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Flashcards in Lines 453-529 Deck (67)
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it is NOT the case that NO divinity's anger...

Heavy double negative emphasises Proteus' oracular style.


'magna luis commissa: tibi has miserabilis Orpheus'
you atone for a heavy crime: Orpheus, wretched man

Proteus' oracular style is emphasised with the emphatic short sentence and pause after the trochee in the third foot.
This is the only line in which Orpheus’ name is mentioned – except for line 494 where Eurydice speaks to him.
ALSO start of Epyllion (mini epic)


'haudquaquam ob meritum poenas, ni fata resistant'           
(Orpheus, wretched man,)
brings this punishment on you, which you have not deserved

Although Aristaeus is responsible for Eurydice’s death (a version of events repeated nowhere else in mythology), he did not do it deliberately.
The consultation with Proteus means that Orpheus’ hostility is fated to be turned aside.


'illa quidem'
indeed that...

Changes the subject and provides emphasis.
The focus is moving from Orpheus to Eurydice.


seeking to avoid

Subjunctive- implies purpose


'flerunt Rhodopeiae arces
altaque Pangaea et Rhesi mavortia tellus
atque Getae atque Hebrus et Actias Orithyia.'

the towers of Rhodope wept,
and the heights of Pangaea, and the warlike land of Rhesus,
and the Getae, and the Hebrus, and Orythia, Acte’s child.

Personification of inanimate objects.
Pathetic Fallacy (When the mood of the character is reflected in the atmosphere (weather) or inanimate objects.)
Effect is reinforced by slow spondees and repetition of 'et' and 'attack' (polysyndeton)


Rhodope and Pangea

Mountains in Thrace



Famous Thracian leader who took part in the Trojan war.


Connotations of Thrace

Considered to be very Martial- in Homer, Ares lived there.


'atque Getae atque Hebrus et Actias Orithyia.'
And the Getae, and the Hebrus, and Orythia, Acte’s child.

Hiatus after Getae.
No strong caesura in the third/fourth foot.
Pollysyllabic endings with a spondaic fifth foot.
Very unusual.



The absence of elision where 2 vowels meet or as expected.


The Getae

A northern people, here associated with Thrace.


The Hebrus

a rive of Thrace



Daughter of Erecthus, King of Athens, and wife of the North Wind.


'Ipse cava solans aegrum testudine amorem'
He himself, consoling love’s anguish, with his hollow tortoise-shell (lyre),

Tortoise shell- synechdoche.
he is consoling himself through song.


'Illa quidem, dum te fugeret per flumina praeceps,
immanem ante pedes hydrum moritura puella
servantem ripas alta non vidit in herba.'

Indeed that doomed girl, while seeking to avoid you, headlong along the stream,
in the deep grass under her feet
did not see the enormous snake, keeping to the riverbank.

Scattered word order, shows panic and fear.


'te, dulcis coniunx, te solo in litore secum,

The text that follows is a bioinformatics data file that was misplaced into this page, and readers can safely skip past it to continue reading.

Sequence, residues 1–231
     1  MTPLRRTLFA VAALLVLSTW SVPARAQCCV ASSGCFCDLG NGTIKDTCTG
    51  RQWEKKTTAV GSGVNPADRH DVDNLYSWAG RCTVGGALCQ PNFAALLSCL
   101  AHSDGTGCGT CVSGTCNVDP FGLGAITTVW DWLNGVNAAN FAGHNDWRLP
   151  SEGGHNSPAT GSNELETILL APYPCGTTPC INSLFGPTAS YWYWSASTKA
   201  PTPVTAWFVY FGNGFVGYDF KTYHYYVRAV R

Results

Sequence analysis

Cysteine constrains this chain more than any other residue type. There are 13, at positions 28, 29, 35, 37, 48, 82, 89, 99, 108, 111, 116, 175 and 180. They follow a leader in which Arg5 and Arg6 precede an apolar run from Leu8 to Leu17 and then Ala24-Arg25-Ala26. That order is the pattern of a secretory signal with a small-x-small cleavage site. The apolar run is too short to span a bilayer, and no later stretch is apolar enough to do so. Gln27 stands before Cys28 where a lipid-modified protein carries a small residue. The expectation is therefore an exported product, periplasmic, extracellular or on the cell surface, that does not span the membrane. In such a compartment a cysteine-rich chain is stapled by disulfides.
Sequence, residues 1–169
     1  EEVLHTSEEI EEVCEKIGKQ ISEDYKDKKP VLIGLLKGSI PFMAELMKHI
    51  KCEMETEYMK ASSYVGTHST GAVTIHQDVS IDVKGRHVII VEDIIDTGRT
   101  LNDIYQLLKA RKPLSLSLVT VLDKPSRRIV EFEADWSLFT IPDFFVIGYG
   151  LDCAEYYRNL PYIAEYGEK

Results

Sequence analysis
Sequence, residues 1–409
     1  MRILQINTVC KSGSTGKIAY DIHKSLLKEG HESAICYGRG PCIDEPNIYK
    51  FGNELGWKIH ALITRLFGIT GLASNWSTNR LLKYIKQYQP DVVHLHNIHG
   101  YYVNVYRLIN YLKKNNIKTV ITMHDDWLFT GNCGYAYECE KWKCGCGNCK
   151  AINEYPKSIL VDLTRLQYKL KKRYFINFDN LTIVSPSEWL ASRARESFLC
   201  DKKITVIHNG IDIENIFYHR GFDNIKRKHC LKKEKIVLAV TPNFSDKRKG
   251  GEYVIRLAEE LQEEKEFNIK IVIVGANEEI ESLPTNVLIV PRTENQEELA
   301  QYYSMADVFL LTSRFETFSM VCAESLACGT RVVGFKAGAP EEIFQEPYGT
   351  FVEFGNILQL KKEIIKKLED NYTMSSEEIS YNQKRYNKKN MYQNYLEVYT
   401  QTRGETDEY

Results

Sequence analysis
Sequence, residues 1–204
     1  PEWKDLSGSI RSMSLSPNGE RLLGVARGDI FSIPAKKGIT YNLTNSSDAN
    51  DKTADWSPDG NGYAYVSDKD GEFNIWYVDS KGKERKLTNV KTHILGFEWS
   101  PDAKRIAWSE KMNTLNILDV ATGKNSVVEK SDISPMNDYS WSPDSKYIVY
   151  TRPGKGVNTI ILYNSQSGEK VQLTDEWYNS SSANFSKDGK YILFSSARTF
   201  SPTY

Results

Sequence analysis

te veniente die, te decedente canebat.'
was singing of you, sweet wife, you alone on the shore,
of you as day neared, of you as day departed.

Slow spondaic movement.
assonance of long 'e'
alliteration of 't' and 'd'
Repetition of direct address to Eurydice from poet:
All create a sense of pathos.
ALSO anaphora is used- 'te'



The repetition of a word or phrase for emphasis.



Entrance to the underworld, in the extreme south of Greece.


Dis and Erebus

Synonyms for the underworld.


'nigra formidine lucum'
'...sacred grove dim with dark fear'

Contrast between sacred location and dark imagery.


'et caligantem nigra formidine lucum'

Chiasmus (ABBA)
Slow movement.
Allows Virgil to blend the physical and spiritual appearance of the place.



long 'i' picks up the long 'i's in the previous line.


'quam multa in foliis avium se milia condunt
vesper ubi aut hibernus agit de montibus imber,'

As many as the thousand birds that hide among the leaves,
when Vesper, or wintry rain, drives them from the hills,

This simile is given a different turn in Aeneid Book 6 where the ghosts are compared first with leaves and then with birds flying in to land from the ocean in winter.
Here the point is that the birds flock from the open sky into the trees for shelter.
It is also an apt comparison because both ghosts and birds are fleeting.


'matres atque viri defunctaque corpora vita               
magnanimum heroum, pueri innuptaeque puellae,
impositique rogis iuvenes ante ora parentum'

Mothers and husbands, and the bodies of noble heroes
bereft of life, boys and unmarried girls, and young men
placed on the pyre before their father’s eyes,

These three lines are repeated in Aeneid Book 6.
They are based on Homer’s Odyssey Book 11 which also features a visit to the underworld.
Each group Virgil chooses has particular poignancy


'Taenarias etiam fauces, alta ostia Ditis,
et caligantem nigra formidine lucum
ingressus manesque adiit regemque tremendum
nesciaque humanis precibus mansuescere corda.'
He even entered the jaws of Taenarus, the high gates of Dis,
and the grove dim with dark fear,
and came to the spirits, and their dread king,
and hearts that do not know how to soften at human prayer.

All one sentence- more dramatic.
Anaphora of and- build up.



Virgil employs an archaic genitive plural form.
Appropriate for describing heroes of Rome's past.


'impositique rogis iuvenes ante ora parentum'
placed on the pyre before their father’s eyes

A notion of extreme pathos and tragedy throughout Virgil.
The detail is not found in the Homeric model.



River of lamentation in the underworld


Rivers that converge in the centre of the underworld (5)